Bamboo Fabric: All You Need To Know

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Sustainability is here to stay, and every industry, including the textile industry, is trying to adopt a greener approach. Different technologies have been introduced to make bamboo fiber suitable for use in a wider range of products including clothes, towels, bed linens, and more. 

What is bamboo fabric? 

Bamboo fabric is made from fiber derived from the pulp of a bamboo plant. These fibers are produced by pulping bamboo grass into thin and strong threads, then spun and knitted into eco-friendly textiles. 

When grown ethically, bamboo can be very sustainable as they are capable of self-regenerating from its roots without replanting them. They also require minimal resources to harvest and do not require pesticides and chemicals to cultivate. 

Therefore, these fabrics are an excellent alternative to cotton in terms of their eco-friendly properties.

Photo by Ethan Bodnar from Unsplash

How is bamboo fabric made?

Bamboo fabric is made from bamboo fiber that is extracted from natural bamboo. Although known to be environmentally friendly, not all of them are made in that way. These fibers can be processed either chemically or mechanically depending on the manufacturer. 

Chemical processing involves using strong chemicals and thereby creating chemical waste which may result in pollution if not treated prior to discharge. While the mechanical process has a higher cost, it does not require chemicals and is more environmentally friendly.

There are two types of chemical processes:  

  • The viscose process is used to produce rayon. In this process, bamboo fiber is broken down with intensive chemicals and extruded through mechanical spinnerets. 
  • The closed-loop method is used to produce Lyocell fibers. 

For fiber extraction through the mechanical method, the stalks from bamboo grass are cut into smaller bamboo chips and then soaked in a liquid enzyme before being made into pulps. Individual fibers are then combed out and spun into yarn.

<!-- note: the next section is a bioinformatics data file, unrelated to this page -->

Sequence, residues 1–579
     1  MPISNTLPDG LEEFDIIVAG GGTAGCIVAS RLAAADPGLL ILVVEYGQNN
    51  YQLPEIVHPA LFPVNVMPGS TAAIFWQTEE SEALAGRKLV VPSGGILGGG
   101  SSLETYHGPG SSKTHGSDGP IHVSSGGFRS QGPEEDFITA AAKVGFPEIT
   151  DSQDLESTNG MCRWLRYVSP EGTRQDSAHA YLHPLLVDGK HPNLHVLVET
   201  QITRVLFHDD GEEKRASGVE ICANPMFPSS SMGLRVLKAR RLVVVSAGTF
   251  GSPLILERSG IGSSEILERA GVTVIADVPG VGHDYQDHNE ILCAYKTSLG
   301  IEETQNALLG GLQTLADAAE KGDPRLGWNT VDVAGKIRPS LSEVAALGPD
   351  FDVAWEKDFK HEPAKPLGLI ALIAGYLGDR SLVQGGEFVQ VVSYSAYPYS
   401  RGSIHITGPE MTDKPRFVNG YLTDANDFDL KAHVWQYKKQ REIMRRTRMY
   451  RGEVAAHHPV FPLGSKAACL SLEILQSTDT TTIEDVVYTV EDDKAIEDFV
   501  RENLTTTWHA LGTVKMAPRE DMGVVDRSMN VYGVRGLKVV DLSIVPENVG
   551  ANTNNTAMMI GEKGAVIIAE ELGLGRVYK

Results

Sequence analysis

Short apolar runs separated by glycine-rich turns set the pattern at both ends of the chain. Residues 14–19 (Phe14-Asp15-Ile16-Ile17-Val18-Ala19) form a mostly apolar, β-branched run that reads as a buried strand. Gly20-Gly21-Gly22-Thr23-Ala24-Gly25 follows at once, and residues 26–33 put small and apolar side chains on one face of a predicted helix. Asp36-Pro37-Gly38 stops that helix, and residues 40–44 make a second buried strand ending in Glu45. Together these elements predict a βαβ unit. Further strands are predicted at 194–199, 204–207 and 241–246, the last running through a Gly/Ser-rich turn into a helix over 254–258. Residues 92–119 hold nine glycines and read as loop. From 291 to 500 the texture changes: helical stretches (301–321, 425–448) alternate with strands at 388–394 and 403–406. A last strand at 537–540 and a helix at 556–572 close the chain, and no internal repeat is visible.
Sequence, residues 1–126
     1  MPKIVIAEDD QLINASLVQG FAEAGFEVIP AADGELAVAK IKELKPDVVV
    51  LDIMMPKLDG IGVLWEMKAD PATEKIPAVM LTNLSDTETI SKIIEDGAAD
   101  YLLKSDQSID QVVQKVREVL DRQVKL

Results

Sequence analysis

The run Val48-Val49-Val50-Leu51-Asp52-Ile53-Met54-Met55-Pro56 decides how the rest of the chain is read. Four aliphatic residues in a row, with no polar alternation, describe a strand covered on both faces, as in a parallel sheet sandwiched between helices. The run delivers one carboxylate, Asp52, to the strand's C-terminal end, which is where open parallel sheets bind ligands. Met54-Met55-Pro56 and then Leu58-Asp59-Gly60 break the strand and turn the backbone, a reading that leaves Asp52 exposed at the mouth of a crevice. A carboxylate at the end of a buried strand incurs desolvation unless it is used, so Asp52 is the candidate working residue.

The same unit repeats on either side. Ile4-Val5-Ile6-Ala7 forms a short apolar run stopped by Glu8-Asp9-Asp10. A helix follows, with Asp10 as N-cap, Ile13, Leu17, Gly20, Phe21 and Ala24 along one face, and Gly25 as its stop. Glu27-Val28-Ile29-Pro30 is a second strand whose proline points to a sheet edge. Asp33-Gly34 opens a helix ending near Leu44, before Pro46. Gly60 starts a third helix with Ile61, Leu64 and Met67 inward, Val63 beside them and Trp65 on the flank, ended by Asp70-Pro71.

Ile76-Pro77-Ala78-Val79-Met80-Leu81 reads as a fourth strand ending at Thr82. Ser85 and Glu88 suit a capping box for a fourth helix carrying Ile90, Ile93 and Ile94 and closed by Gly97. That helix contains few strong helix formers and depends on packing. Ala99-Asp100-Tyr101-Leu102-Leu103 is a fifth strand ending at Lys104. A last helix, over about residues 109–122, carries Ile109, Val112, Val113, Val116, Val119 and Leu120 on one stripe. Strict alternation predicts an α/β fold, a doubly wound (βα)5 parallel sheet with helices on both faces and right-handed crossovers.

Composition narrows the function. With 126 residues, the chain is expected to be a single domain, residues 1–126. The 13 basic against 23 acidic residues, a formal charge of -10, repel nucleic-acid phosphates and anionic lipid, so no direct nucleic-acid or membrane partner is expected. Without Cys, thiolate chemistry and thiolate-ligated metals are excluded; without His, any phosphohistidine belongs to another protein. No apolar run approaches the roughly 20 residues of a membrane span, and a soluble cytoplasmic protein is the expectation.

Types of bamboo fabric

The majority of bamboo fabric found in the market is known as bamboo viscous, also known as bamboo rayon. Rayon is a semi-synthetic fiber made from regenerated cellulose, such as wood and bamboo. 

The other types of bamboo textiles are the lyocell-type bamboo fabric made using the closed-loop method. The processing steps are similar to viscose but it is more eco-friendly as 99.5% of the chemicals used during the process are reused and no waste is created. 

Hence, this method is considered one of the leading methods of producing environmentally friendly regenerated fibers for textiles.

The last type of bamboo fabric is mechanically-produced bamboo fiber which is also referred to as natural bamboo. Although they are good for the environment, their manufacturing process is often labor-intensive and costly. 

Bamboo Viscose

Bamboo viscose is the most popular type of bamboo textile among the others. However, their claim as an eco-friendly fabric is questionable as the chemicals like carbon disulfide which is very toxic and harmful to the environment and human health is used in the manufacturing process. 

The viscose process is labor-intensive and lengthy. Production begins by dipping bamboo pulp into chemicals to extract cellulose. After removing the cellulose, they are compressed into sheets, exposed to carbon disulfide, and filtered. The pulp is then pushed through a spinneret and spun into fibers to be made into threads and fabric. Although they are relatively cheaper, the strong chemicals used will generate high wastage that is toxic to the environment. 

Textiles derived from this process are usually softer than cotton and can be used in a wide range of products like towels, bedsheets, and clothing.

Mechanically produced fine bamboo fiber

Mechanically produced bamboo fabric, also known as natural bamboo is organic because no chemicals are used during the manufacturing process.

After harvesting the bamboo, its cellulose is extracted by crushing the leaves and soft inner pith from the trunks. Next, crushed bamboo fibers are soaked in a natural enzyme solution,  washed and spun into threads, and then woven into fabrics. 

Though this material is eco-friendly, it is a slightly coarse fabric and thus, not suitable for softer products like intimate garments. 

Lyocell bamboo fabric

Lyocell bamboo fabric is made with the closed-loop method. Unlike bamboo viscose, solvents discharged from this process can be reused, resulting in less wastage. Additionally, the process does not chemically alter the cellulose structure, resulting in chemical-free textiles. 

Due to their lightweight, non-creasing and smooth properties, lyocell is very comfortable to wear and is often used to produce clothing and accessories, for example, knitwear, dresses, formal shirts, sportswear, and more. 

Where is bamboo fabric produced? 

Bamboo has been made into fabric in East Asia for thousands of years. China dominates this industry because of their large bamboo plantation yield. They are the biggest producers and exporters of a wide range of finest and cheapest bamboo fabric in the world. However, most Chinese companies do not produce them in an ethical method, causing high wastage and pollution to the environment.